The worst fate is reserved for women and children, despite the florid concerns expressed in the budget speech. The entire ministry will experience a real cut as the increased allocation does not keep pace with projected inflation. But worst of all, the allocation for the Integrated Child Development Services programme (which is still not universalized) has actually been cut in nominal terms, from Rs.15,394 crore to Rs.14,000 crore. As states are struggling to find ways of even paying the anganwadi workers and helpers who are the backbone of the programme, it is terrible to think what will happen if such a stringent cut is actually implemented (Source: 'India budget 2016 – A continued attack on social sectors' by Jayati Ghosh as posted by Kamayani on March 4, 2016).

On food, there is an estimated reduction in budget by nearly Rs 5000 crore. The budget estimate puts the bill at Rs.134,835 cr against Rs.139,419 cr in the RE of current year. Despite the pompous claims of a gigantic push in infrastructure, capital expenditure in 2015-16 was lower than the budgeted and is proposed to be kept at almost same level in 2016-17 – implying a reduction in real terms and as a share of GDP from 1.8 to 1.6 per cent. While budget envisages 11 per cent hike in total expenditure, the capital expenditure that creates assets is enhanced only by 4 per cent (Source: 'True to sustained image' by Santosh Kumar Mohapatra – Orissa Post March 4, 2016).

Space does not permit me to delve deeply on the pathetic budgetary allocation for achieving the PM's promise to free rural India from open defecation. It was promised on Oct 2, 2014 that the whole of rural households will have toilets by 2019. Petty allocations made in 2014-15 and 2015-16 budgets were mocking the PM's pet scheme. If you look at the present allocation of Rs.9500 crore against the total requirement of Rs one lakh crore for Swachh Bharat Abhiyan (rural sanitation), the goal cannot be achieved even after a few decades. Less we say about the provision of safe drinking water the better.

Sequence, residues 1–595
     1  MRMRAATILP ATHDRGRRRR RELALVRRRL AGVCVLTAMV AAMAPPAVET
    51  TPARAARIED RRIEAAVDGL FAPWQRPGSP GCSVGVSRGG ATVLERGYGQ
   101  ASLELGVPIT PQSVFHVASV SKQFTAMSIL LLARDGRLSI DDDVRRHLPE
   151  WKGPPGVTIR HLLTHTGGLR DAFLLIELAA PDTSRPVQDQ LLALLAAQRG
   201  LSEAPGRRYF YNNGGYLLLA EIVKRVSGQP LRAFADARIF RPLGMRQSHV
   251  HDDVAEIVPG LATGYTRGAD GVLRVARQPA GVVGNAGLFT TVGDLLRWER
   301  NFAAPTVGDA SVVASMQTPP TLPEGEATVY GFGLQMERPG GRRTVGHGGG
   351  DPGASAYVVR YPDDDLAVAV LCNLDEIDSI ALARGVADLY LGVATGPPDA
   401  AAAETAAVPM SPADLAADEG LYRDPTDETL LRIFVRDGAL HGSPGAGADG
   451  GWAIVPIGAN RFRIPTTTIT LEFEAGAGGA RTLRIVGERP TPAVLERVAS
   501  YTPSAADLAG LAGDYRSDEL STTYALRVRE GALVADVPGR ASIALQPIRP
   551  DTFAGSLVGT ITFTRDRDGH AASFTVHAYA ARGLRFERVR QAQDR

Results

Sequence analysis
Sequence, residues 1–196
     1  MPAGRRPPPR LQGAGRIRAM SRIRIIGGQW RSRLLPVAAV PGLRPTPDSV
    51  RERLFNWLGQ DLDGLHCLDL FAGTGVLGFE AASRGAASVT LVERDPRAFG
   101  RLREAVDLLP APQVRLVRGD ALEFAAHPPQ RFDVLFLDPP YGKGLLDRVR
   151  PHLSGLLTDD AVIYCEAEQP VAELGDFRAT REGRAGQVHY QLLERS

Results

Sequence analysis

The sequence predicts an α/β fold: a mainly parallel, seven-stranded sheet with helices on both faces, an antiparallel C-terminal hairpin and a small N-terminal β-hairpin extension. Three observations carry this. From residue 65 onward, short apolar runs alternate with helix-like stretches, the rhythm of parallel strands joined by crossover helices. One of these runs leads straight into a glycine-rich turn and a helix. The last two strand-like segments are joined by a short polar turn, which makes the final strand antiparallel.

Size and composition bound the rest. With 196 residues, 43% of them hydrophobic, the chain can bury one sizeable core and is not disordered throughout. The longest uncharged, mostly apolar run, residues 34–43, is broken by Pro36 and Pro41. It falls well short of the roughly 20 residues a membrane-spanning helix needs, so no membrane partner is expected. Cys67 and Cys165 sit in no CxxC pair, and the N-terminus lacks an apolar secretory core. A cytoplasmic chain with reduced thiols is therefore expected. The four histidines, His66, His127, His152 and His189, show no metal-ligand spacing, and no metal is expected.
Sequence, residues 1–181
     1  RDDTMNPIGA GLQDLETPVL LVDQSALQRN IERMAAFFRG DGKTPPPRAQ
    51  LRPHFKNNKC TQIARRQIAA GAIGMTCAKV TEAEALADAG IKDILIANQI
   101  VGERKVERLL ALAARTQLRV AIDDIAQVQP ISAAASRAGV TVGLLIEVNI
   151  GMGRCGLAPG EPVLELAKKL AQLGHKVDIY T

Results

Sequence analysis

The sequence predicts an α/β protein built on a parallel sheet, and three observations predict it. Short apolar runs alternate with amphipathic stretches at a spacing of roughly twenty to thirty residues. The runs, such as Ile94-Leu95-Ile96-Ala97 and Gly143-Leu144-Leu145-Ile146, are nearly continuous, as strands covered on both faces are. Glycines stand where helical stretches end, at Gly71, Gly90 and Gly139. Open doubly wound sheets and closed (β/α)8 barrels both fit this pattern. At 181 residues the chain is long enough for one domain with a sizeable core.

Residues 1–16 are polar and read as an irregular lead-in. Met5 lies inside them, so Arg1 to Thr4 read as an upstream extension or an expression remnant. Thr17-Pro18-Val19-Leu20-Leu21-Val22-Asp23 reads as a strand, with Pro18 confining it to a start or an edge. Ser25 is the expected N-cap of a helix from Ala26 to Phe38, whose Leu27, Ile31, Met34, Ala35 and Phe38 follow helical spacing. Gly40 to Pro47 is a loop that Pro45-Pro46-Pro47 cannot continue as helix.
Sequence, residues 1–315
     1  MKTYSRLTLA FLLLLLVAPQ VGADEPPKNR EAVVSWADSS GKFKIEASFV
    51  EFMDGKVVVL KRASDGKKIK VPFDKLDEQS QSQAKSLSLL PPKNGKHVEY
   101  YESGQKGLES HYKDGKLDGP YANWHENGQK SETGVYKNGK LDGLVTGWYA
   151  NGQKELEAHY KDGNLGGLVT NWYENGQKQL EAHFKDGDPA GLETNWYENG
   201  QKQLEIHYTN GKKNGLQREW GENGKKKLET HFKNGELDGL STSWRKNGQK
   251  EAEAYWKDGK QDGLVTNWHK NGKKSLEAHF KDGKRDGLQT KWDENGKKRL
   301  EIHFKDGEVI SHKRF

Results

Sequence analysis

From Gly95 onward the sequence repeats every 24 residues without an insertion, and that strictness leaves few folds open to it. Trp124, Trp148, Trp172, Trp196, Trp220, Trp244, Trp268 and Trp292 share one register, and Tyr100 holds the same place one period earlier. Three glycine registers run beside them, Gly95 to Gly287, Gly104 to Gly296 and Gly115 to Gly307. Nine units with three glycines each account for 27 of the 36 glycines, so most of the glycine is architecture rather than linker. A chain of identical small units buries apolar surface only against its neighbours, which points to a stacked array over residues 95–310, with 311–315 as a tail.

Rural Employment Guarantee Scheme

Jaitley proudly declared that he has increased the Mahatma Gandhi National Rural Employment Guarantee Scheme allocation to the highest ever level of Rs.38,500 crore. But that is false, as the spending under this head reached Rs.38,552 crore in 2013-14. At only 0.25% of GDP, this would also be much lower than the 0.59% that was achieved in 2009-10. And this also conceals the arrears that must be paid by the centre for this programme.

As many as 21 states are still waiting for the money they have already spent that the central government has yet to pay them for the current year, so the final allocation will be around Rs.6,500 crore less if that is accounted for (Source: 'India budget 2016 – A continued attack on social sectors' by Jayati Ghosh as posted by Kamayani on March 4, 2016).

Patting the Suited-Booted

FM Jaitley said the global economy was in serious turmoil and did not appear to be set to emerge from it anytime soon. With scope for exports being limited, the budget was a direction to the economy to generate domestic demand, which would generate employment and growth. However, the FM enhanced indirect taxes and reduced the purchasing power of common people, dampening demand. Meanwhile, direct tax proposals will lead to a revenue loss of Rs.1060 crore, a petty gain to the rich in comparison with the mega bumper lottery called 'Revenue Foregone'.